Hounded by the graying yet still sporadically feisty Washington Post, climate modelers have fled to Sicily, where they have taken refuge among geologists. Little did they reckon on the dogged pursuit of a lone HuffPo blogger. The fleeing modelers, led by Robert DeConto of U. Mass.-Amherst, were still reeling from the WaPo drubbing:
Warren Meyer, a mechanical and aerospace engineer by training who blogs at www.climate-skeptic.com, said that climate models are highly flawed. He said the scientists who build them don't know enough about solar cycles, ocean temperatures and other things that can nudge the earth's temperature up or down. ... "The hubris that can be associated with a model is amazing, because suddenly you take this sketchy understanding of a process, and you embody it in a model," and it appears more trustworthy, Meyer said. "It's almost like money laundering."
If true, this money-laundering charge would make "Climate-Gate" moot. Oddly, though, the Washington Post, once celebrated for its tireless pursuit of Watergate, did not follow up on the allegation.
I did. I asked the tough questions Americans want answered about climate modeling. What's more, I got the answers on camera. (The audio may be grainy, but the content is way gritty.)
DeConto and his fellow modeling mafiosi are unrepentant. Disguised only in dark glasses, they wander freely along the cobbled streets of Erice, an ancient town perched on a Sicilian mountain overlooking the sea. Being academics, they blend easily into the gaggle of ANDRILL geologists meeting here to pore over research results from a nearly mile-deep core they extracted from Antarctica's Southern McMurdo Sound.
What the geologists are finding may well bring greater realism to polar climate modeling. But will DeConto et pals make a model more to our liking? Not freakin' likely.
If anything, they seem bent on doubling down. DeConto allows that his sojourn among the ANDRILL geologists has readied him for a more, ahem, "sensitive" climate model. But sensitive to the wishes of the public? Hardly.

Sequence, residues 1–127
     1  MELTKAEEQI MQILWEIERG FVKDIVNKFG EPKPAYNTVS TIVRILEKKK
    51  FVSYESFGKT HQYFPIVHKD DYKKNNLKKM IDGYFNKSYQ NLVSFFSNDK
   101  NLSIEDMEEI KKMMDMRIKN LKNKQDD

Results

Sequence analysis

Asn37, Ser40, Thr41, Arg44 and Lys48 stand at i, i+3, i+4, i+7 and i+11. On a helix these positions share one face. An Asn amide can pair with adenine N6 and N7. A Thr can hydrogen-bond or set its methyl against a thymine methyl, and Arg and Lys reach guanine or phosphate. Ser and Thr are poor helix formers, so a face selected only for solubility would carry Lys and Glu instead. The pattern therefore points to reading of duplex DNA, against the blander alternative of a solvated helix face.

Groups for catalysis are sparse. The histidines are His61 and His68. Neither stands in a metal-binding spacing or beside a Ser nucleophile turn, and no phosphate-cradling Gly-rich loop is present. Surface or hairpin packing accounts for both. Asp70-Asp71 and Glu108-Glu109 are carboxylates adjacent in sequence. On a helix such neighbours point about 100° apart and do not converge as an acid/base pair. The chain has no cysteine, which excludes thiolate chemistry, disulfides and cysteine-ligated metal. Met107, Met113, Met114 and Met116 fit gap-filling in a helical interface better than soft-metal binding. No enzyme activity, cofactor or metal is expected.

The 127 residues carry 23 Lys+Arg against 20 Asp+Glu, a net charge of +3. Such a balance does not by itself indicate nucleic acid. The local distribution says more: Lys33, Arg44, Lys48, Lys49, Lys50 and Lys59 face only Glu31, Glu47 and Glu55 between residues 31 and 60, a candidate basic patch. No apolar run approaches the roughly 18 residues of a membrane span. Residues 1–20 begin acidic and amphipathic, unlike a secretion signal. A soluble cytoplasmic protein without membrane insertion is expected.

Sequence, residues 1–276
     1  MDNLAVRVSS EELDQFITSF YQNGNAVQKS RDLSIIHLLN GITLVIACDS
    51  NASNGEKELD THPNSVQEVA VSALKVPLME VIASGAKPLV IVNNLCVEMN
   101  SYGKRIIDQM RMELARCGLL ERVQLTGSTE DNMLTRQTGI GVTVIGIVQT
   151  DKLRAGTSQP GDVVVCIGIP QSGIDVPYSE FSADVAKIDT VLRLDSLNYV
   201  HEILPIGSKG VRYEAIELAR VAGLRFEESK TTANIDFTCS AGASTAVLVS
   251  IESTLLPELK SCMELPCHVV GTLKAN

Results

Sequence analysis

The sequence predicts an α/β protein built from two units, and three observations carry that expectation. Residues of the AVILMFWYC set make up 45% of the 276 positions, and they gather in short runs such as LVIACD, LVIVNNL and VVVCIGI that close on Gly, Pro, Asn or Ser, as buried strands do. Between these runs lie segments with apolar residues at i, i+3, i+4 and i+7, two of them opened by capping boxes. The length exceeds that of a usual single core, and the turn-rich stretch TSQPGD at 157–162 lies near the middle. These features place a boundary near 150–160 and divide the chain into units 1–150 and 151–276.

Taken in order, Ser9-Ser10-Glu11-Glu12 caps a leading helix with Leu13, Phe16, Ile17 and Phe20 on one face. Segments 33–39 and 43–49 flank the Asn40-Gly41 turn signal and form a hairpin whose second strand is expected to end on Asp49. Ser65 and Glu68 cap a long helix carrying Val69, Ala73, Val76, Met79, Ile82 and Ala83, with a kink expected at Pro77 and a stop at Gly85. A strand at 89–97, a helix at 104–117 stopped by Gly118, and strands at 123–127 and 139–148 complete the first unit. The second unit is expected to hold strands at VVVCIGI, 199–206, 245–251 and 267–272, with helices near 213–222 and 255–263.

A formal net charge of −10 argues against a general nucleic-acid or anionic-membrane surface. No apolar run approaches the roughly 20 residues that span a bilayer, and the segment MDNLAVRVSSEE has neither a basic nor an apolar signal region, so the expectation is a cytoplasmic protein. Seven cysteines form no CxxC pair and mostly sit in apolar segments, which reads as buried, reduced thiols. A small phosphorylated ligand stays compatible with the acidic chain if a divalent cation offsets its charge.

On viewing the geologists' results, he shrugs, Sicilian style, and says, "Our models may be dramatically underestimating how much worse it's going to get." I just know DeConto was smiling on the inside.
His enabler, the ANDRILL project, is an international collaboration among scientists from Germany, Italy, New Zealand, and the United States. It has so far extracted two virtually complete cores from a critical region of Antarctica. With careful analysis, ANDRILL scientists have been able to infer much of the behavior of Antarctica's mammoth ice sheets over the past 20 million years from numerous clues in the cores.
Once DeConto and his collaborator, David Pollard of Penn State University, figure out how to plug the new data in their software, look out! You can bet they will be presenting us with even scarier scenarios for what happens if we keep pumping greenhouse gases into the atmosphere.
Like what? Like this: The U.S. Geological Survey recently published research showing that an Anarctic ice sheet meltdown would raise world sea level by enough to soak the Statue of Liberty up to her bustline. (Sea level would rise as much as 240 feet. The top of Lady Liberty's torch stands 305 feet above water -- for now.)
Patriotic Americans don't want to picture such an undignified scenario. They want a blue-sky future, not a deep-water one. So why is Big Science supporting doomsayers like DeConto? I put the question directly to ANDRILL co-chief scientist David Harwood.
Make no mistake, climate modelers may have gone to the mattresses in Sicily for now, but they will be back. And, armed with ANDRILL data, they will be more dangerous (to deniers) than ever.
Full Disclosure: My basic travel expenses are being covered by the ANDRILL project to enable me to cover this conference.
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